> 36 + 37 + 38 + 39 + 40 + 41 + 42 + 43 + 44 + 45 + 46 +
> 47 + 48 + 49 + 50;
1275

Of course, in this case the true mathematicians amongst us would have opted for the following more elegant and fewer keystroke solution anyway.
> (50*(50+1))/2;
1275

Beware, it is easy to make errors when splitting entries over several lines. If you enter
> 8 + 3
> 2 + 5;
syntax error:
2 + 5;
^

then you will have officially experienced your first syntax error in Darwin since there is neither a semicolon, colon nor operator between the 3 and the 2. When any such error occurs, Darwin responds with a brief message consisting of your input and a caret symbol (^) at the point in your statement where it first became confused. It then gives you a fresh prompt and ignores your previous entry.

When performing a sequence of statements, making use of the double quote symbol (<tex2htmlverbmark>9<tex2htmlverbmark>) will sometimes save you keystrokes. A single double quote symbol refers to the result of the last statement. Two double quote symbols (<tex2htmlverbmark>10<tex2htmlverbmark>) refer to the result of the second last statement and the result preceding this is referred to by (<tex2htmlverbmark>11<tex2htmlverbmark>). The example below shows how these can be used to generate the elements of the famous Fibonacci sequence .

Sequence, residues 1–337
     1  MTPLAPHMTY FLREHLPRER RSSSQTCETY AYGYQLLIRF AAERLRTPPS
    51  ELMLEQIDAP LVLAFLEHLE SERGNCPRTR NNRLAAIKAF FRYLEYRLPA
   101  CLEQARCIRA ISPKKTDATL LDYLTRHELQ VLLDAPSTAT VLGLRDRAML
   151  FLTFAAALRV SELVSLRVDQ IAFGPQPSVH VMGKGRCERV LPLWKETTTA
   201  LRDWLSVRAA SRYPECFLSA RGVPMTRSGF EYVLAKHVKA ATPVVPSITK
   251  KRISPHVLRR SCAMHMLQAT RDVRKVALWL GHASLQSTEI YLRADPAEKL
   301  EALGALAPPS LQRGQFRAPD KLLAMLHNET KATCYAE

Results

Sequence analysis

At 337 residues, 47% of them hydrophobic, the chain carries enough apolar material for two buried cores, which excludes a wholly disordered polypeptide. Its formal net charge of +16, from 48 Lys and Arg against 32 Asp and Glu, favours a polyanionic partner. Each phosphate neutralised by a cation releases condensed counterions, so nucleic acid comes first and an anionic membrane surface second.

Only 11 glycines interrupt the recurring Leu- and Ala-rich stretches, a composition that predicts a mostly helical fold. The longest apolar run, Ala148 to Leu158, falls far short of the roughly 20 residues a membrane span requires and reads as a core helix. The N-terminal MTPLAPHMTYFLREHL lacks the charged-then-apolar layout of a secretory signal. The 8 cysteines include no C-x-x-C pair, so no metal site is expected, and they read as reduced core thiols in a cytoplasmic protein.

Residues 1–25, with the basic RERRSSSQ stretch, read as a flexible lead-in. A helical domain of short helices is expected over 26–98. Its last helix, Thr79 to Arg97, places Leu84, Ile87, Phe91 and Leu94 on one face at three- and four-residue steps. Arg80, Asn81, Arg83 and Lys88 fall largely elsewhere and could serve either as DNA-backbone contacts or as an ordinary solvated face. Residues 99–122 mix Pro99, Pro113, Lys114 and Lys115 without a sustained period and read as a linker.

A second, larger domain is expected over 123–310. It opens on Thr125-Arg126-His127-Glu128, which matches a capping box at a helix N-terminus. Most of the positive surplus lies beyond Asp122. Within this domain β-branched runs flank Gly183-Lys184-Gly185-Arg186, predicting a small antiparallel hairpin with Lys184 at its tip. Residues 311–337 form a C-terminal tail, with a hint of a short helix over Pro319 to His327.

> 1;
1
> 1;
1
> " + "";
2
> " + "";
3
> " + "";
5
> " + "";
8


When submitting longer arithmetic expressions, users must remember to respect the order of operations. For instance, the expression

> 5 + 8 * 3 / 2;

does not evaluate to 19.5 but to 17. This is because multiplication and division have higher precedence than addition and subtraction. If we first wanted the addition of 5 and 8performed before the multiplication and division, we would rewrite the expression using parenthesis as
> 5 + 8 * 3 / 2;
17
> (5 + 8) * 3 / 2;
19.5000

Table  shows the order of operations in Darwin.

Table: Order of operations in Darwin listed from highest to lowest precedence.
1.1
 Operation Symbol parenthesis (,) exponentiation ^ or ** negation (unary subtraction) - multiplication/division *,/ addition/subtraction +,-

Subtle errors can be caused by forgotten parentheses. Beware of the following pitfalls:

> -5 ^ 2;             # Negation has a lower precedence than exponentiation
-25
> (-5) ^ 2;           # The parenthesises force the exponentiation to use -5 instead
25
> -5 ** 2;            # Same thing, but using the other exponentiation operator.
-25
> -5 * -2;            # Negative numbers must be parenthesized when following
syntax error:
-5 * -2;
^
> -5 * (-2);          #    an operator.
10
> 2 ^ 2 ^ 2;          # Towers of exponents must be parenthesized.
syntax error:
2 ^ 2 ^ 2;
^
> 2 ^ ( 2 ^ 2 );
16


A complete list of all the mathematical functions built into Darwin is located in the reference guide under the section § Mathematical Functions in Part  - The Reference Guide.

Next: Comments Up: Exploring the Basics Previous: Initiating a Darwin Session
Gaston Gonnet
1998-09-15